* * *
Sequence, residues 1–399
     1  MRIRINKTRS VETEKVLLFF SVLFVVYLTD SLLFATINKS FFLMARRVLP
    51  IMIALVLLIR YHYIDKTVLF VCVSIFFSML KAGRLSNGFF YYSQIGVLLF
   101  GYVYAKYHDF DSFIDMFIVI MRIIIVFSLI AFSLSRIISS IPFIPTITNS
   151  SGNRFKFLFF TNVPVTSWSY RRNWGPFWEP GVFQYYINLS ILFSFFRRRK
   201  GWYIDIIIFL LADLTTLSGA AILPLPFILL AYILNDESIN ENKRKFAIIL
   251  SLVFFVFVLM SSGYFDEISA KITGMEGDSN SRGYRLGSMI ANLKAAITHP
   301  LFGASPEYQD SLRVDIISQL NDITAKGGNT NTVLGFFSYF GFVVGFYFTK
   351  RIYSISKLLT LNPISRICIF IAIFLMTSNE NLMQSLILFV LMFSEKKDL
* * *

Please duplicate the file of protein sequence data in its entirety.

Sequence, residues 1–399
     1  MRIRINKTRS VETEKVLLFF SVLFVVYLTD SLLFATINKS FFLMARRVLP
    51  IMIALVLLIR YHYIDKTVLF VCVSIFFSML KAGRLSNGFF YYSQIGVLLF
   101  GYVYAKYHDF DSFIDMFIVI MRIIIVFSLI AFSLSRIISS IPFIPTITNS
   151  SGNRFKFLFF TNVPVTSWSY RRNWGPFWEP GVFQYYINLS ILFSFFRRRK
   201  GWYIDIIIFL LADLTTLSGA AILPLPFILL AYILNDESIN ENKRKFAIIL
   251  SLVFFVFVLM SSGYFDEISA KITGMEGDSN SRGYRLGSMI ANLKAAITHP
   301  LFGASPEYQD SLRVDIISQL NDITAKGGNT NTVLGFFSYF GFVVGFYFTK
   351  RIYSISKLLT LNPISRICIF IAIFLMTSNE NLMQSLILFV LMFSEKKDL